Author: Gonnella, D.
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WEPMK012 Update on Plasma Processing R&D for LCLS-II 2656
  • P. Berrutti, A. Grassellino, T.N. Khabiboulline, M. Martinello
    Fermilab, Batavia, Illinois, USA
  • M. Doleans, S.-H. Kim, K.E. Tippey
    ORNL, Oak Ridge, Tennessee, USA
  • D. Gonnella, G. Lanza, M.C. Ross
    SLAC, Menlo Park, California, USA
  Funding: Fermi Research Alliance, LLC, under Contract DE-AC02-07CH11359 with the U.S. DOE
SRF cavities performance preservation is crucial, from vertical test to accelerator operation. Field emission is still one of the main problems to overcome and plasma cleaning has been proven successful by SNS, in cleaning field emitters and increasing the work function of Nb. A collaboration has been established between FNAL, SLAC and ORNL with the purpose of applying plasma processing to LCLS-II cavities, in order to minimize and overcome field emission without affecting the high Q of N-doped cavities. The recipe will follow the neon-oxygen active plasma adopted at SNS, allowing in-situ processing of cavities and cryomodules from hydrocarbon contaminants. A novel method for plasma ignition has been developed at FNAL: a plasma glow discharge is ignited using high order modes to overcome limitations imposed by the fundamental power coupler. The results of experiments on 9-cell LCLS-II cavity are presented, along with plasma ignition studies. In addition the RF system is shown and N-doped Nb samples studies are discussed.
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THPAL140 Rework Recipe Development, Analysis and Results of Select 9-Cell Cavities for LCLS-II 3968
  • A.D. Palczewski, K. Macha, H. Park, C.E. Reece, K.M. Wilson
    JLab, Newport News, Virginia, USA
  • A. Burrill, D. Gonnella
    SLAC, Menlo Park, California, USA
  Funding: Authored by Jefferson Science Associates, LLC under U.S. DOE Contract No. DE-AC05-06OR23177.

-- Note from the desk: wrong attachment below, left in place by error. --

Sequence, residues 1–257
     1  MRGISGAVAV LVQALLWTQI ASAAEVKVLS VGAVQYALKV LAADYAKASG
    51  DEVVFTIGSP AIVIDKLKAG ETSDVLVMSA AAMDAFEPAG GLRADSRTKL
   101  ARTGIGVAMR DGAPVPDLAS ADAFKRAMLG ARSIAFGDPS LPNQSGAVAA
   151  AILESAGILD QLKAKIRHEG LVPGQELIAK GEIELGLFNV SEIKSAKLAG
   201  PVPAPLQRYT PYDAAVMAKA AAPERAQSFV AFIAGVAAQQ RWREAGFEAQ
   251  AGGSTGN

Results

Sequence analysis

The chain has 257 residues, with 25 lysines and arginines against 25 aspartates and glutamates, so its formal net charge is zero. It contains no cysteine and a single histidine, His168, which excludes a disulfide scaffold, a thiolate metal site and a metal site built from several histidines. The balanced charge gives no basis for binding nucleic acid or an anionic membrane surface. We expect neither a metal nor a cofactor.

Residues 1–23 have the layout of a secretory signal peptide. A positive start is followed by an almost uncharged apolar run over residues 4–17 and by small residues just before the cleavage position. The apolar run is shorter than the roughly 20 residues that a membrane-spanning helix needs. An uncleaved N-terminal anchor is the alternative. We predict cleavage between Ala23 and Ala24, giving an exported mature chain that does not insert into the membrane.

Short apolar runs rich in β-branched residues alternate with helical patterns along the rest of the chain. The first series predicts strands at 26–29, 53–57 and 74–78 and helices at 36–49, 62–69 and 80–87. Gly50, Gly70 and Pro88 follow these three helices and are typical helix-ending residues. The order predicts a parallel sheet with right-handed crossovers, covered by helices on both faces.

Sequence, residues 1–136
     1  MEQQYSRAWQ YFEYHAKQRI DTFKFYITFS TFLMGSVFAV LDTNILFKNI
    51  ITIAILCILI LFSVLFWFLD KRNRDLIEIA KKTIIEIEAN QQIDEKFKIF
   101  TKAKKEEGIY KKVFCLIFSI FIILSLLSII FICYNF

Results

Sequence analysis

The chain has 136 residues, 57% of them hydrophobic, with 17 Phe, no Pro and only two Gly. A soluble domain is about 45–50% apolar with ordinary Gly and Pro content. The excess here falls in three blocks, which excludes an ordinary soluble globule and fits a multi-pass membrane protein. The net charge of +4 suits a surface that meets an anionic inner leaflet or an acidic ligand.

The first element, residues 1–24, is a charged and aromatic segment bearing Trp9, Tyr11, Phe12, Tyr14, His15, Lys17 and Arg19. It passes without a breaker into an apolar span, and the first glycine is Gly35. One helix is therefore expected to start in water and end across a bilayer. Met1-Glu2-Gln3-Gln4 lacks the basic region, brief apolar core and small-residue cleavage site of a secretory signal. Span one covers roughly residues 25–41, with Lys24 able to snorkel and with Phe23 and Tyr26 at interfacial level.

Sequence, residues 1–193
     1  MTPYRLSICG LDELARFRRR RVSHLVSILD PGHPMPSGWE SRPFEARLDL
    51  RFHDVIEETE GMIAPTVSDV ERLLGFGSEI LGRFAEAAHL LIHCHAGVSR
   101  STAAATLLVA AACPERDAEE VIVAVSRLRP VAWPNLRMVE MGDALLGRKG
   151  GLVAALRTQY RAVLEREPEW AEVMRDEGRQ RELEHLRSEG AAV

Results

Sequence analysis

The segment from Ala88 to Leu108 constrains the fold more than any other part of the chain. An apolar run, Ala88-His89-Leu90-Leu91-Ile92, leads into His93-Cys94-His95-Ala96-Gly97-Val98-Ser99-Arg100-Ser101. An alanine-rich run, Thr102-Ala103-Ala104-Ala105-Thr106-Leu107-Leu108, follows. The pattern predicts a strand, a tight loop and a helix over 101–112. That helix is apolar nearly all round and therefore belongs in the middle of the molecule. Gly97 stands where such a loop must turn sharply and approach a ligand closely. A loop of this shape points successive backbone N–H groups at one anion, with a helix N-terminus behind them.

The SLAC National Accelerator Laboratory is currently constructing a major upgrade to its accelerator, the Linac Coherent Light Source II (LCLS-II). Several Department of Energy laboratories, including the Thomas Jefferson National Accelerator Facility (JLab) and Fermi National Accelerator Laboratory (FNAL), are collaborating in this project. The cryomodules for this project each consist of eight 1.3-GHz cavities produced by two vendors, Research Instruments GmbH in Germany (RI*) and Ettore Zanon S.p.a. in Italy (EZ*), using niobium cell material from Tokyo Denkai Co., Ltd. (TD) and Ningxia Orient Tantalum Industry Co., Ltd. (OTIC/NX)). During the initial production run, cavity performance from one of the vendors (Vendor A) was far below expectation. All the cavities had low Q0, later attributed to minimal EP as well as high-flux-trapping NX material, early quench behaviour below 18 MV/m, with many having Q0 roll-off at 12-16 MV/m. Production was stopped multiple times over the following 6 months, with test batches of cavities being made to ascertain the root cause of the problem. The final root cause of the problem was found to be inappropriate grinding of the RF surface prior to welding which left normal conducting inclusions in the surface. In addition, most cavities showed internal and external weld spatter which required post weld grinding and a very rough surface from operating the electropolishing machine in an etching rather than polishing regime. All issues have been corrected on new cavities and rework is underway on the originally effected cavities.
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